21-Aug-2017 -- This confluence has been visited once before 16 years ago. I don't think it has changed much in those 16 years.
The reason for my being in Kentucky was the total eclipse of the sun. I had decided to drive down from Toronto to see it as I have reached the age of 62 without seeing one and this was as good a chance as I am likely to get. On Sunday 20th I drove to Carbondale in southern Illinois where there was to be a big eclipse party. Not having planned far ahead to remain flexible, I assumed that there was no room at the inns (or only at greatly inflated prices). I made good use of the Super 8 car park and slept in the back of the car (others had the same idea). In the morning the forecast suggested thunderstorms for the area but that Kentucky and Tennessee should be clear. I drove to Eddyville where I had already noted that there is a point very close to the central line of the eclipse (maybe 10 km - I am sure someone could calculate this precisely but anyway pretty close). As the area was wooded I decided to visit the point and then retire to a nearby marina (Eddy Creek) where there was an eclipse party going on.
Although the point was not far from the road (290 metres? - not 29 as mentioned in the previous report) this was a challenging visit as I did not have a downloaded map on my cellphone and no data plan for the USA. Also my GPS was suffering - it had been left in a dry bowl one evening the previous week while camping but with heavy rain it was floating in the morning. Although it is supposed to be waterproof it was not amused and decided to give up. After a few days it was showing signs of life and by the 21st it would fire up and display the satellite page and the coordinates. However none of the buttons on the front would work so I could not use the arrow to aim for the point.
I parked the car outside number 910 Friendship road and walked up the hill to the house. The owner was very happy to let me walk in the woods behind the house and told me where there is a path (although I couldn't find it). The woods are mostly established trees with brush underneath. It was dry underfoot and there were no bugs or thorny bushes although I must have caused a lot of web reconstruction work for the local spider population. The terrain is hilly but not too steep and the stream beds were dry. Navigating in woodland using only the lat and long was interesting as I also had no compass, so just had to work out my direction from the rate of change in position. Anyway it took about 10 mins to get to the point and take the pictures.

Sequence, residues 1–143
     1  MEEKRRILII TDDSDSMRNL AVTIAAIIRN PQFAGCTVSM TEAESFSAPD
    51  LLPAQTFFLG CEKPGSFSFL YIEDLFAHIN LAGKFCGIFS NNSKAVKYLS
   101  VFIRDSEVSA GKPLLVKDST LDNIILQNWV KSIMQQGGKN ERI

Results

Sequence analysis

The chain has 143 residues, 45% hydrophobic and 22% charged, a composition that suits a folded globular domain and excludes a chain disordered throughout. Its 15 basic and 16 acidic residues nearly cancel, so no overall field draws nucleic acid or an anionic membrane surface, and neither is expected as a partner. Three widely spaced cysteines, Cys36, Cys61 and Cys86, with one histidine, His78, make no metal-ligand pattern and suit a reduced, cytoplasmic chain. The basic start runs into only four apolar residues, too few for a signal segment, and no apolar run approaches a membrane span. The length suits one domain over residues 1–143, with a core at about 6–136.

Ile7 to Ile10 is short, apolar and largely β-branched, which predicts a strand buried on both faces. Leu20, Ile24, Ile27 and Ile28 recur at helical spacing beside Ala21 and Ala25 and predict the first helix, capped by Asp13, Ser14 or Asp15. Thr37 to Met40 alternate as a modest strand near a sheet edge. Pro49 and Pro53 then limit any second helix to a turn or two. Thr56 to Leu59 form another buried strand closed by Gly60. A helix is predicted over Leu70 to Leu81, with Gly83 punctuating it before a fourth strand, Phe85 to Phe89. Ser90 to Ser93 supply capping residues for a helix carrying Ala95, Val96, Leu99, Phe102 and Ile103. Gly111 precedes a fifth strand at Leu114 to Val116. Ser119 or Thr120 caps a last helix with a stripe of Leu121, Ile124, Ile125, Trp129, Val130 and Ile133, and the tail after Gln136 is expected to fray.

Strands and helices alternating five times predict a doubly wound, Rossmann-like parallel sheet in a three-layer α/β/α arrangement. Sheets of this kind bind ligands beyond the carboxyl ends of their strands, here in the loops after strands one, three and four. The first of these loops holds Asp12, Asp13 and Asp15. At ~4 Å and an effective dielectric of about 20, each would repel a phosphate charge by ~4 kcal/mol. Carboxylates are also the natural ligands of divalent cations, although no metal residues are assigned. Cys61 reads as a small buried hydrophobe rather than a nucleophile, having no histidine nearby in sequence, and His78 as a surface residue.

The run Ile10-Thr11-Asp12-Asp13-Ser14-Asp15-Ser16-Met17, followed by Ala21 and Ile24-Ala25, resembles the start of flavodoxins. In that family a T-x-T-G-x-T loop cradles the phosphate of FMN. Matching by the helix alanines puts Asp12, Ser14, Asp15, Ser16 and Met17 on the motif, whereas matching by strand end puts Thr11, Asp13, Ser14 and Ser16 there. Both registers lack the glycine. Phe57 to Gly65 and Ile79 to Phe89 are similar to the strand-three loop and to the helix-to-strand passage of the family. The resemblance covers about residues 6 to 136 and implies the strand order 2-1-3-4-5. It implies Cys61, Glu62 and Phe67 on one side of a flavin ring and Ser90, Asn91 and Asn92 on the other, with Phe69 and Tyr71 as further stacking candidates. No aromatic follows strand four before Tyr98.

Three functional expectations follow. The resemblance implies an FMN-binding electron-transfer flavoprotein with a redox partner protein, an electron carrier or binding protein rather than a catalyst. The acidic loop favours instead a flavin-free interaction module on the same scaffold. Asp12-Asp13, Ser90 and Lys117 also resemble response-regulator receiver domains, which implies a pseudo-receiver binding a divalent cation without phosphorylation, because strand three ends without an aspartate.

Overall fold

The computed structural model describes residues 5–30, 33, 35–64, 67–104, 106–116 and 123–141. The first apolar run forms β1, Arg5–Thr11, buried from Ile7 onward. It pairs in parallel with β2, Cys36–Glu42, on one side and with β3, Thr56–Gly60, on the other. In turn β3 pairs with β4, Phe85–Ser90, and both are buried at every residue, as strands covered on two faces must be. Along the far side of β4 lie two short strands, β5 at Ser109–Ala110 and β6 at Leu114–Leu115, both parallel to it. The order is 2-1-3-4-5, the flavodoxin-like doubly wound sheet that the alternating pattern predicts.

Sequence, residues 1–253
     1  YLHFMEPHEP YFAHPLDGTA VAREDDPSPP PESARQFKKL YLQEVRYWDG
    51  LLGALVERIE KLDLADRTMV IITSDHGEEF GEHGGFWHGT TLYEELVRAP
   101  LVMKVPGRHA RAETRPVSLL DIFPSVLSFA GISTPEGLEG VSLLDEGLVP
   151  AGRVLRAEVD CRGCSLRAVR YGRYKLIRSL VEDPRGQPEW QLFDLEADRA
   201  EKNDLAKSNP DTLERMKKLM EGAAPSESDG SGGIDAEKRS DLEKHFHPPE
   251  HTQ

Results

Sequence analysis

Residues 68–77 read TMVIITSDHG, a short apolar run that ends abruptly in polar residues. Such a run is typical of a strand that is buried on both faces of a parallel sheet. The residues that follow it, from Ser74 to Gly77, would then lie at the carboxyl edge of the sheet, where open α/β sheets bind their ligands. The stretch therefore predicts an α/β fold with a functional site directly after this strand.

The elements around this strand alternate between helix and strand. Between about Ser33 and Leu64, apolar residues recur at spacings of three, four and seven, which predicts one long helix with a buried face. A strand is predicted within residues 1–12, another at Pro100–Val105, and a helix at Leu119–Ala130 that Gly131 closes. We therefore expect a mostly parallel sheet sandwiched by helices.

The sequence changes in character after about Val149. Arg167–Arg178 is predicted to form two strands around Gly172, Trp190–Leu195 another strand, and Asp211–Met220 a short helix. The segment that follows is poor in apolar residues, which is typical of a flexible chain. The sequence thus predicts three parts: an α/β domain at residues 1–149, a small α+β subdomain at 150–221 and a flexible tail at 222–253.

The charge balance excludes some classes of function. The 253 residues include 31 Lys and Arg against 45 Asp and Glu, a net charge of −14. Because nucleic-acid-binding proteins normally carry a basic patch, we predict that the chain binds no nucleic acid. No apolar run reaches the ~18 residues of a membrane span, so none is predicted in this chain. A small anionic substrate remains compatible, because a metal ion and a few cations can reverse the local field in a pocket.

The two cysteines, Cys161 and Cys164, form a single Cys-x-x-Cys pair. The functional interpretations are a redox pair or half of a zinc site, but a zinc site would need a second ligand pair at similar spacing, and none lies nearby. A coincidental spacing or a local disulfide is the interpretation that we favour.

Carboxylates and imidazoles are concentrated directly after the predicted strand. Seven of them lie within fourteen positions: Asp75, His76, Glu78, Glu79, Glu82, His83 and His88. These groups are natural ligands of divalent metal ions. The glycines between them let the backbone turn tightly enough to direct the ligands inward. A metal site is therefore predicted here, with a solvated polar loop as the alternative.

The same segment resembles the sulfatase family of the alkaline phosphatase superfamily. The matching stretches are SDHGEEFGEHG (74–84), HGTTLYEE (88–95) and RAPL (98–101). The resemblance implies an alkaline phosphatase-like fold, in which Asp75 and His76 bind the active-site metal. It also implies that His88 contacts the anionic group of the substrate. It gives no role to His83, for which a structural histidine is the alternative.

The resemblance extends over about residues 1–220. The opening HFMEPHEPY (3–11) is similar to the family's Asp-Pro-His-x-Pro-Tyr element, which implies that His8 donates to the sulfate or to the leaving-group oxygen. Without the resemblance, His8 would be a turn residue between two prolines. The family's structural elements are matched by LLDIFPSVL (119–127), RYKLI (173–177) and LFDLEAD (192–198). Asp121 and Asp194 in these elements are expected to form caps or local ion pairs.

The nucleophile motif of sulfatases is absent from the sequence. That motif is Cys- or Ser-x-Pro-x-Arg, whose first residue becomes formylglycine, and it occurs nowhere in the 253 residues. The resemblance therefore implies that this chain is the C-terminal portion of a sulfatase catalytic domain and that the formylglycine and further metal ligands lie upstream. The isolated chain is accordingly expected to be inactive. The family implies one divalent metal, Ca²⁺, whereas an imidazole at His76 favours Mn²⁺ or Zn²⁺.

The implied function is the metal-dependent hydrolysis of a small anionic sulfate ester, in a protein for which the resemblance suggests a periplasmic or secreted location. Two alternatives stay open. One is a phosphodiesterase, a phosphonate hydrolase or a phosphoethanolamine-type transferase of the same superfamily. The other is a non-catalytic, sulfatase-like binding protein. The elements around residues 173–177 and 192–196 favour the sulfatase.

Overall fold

The front of the GPS was very fogged up so the numbers are difficult to see in the picture but I could see well enough. I realized later that where I had my hand on the screen the condensation inside evaporated so I could have made life easier for myself. After the photos I followed the nearest dry stream bed down till I hit the road - this turned out to be about 50 metres NW from where I had parked the car. Following the stream bed up might be a good option for future visitors although there are tree trunks to climb over and you would have to make the right choices at forks.
Back to Eddy Creek Marina - swim (water the temperature of warm tea) - met up with some fellow Torontonians who had booked their accommodation 2 years ago (different approach!). The eclipse was of course truly awesome. Very gradual partial phase with the sun losing its heat and the dappling of shade under the trees gradually changing to crescent shapes. Two minute of totality was not nearly long enough but the corona was wonderful and Mercury and other planets clearly visible. My photo does not do it justice - I look forward to seeing some fantastic pictures from the CP hunters that gathered at 44N 114W. I did think about driving there but Google said it was 30 hours - Kentucky was "only" 12 hours each way and that was enough.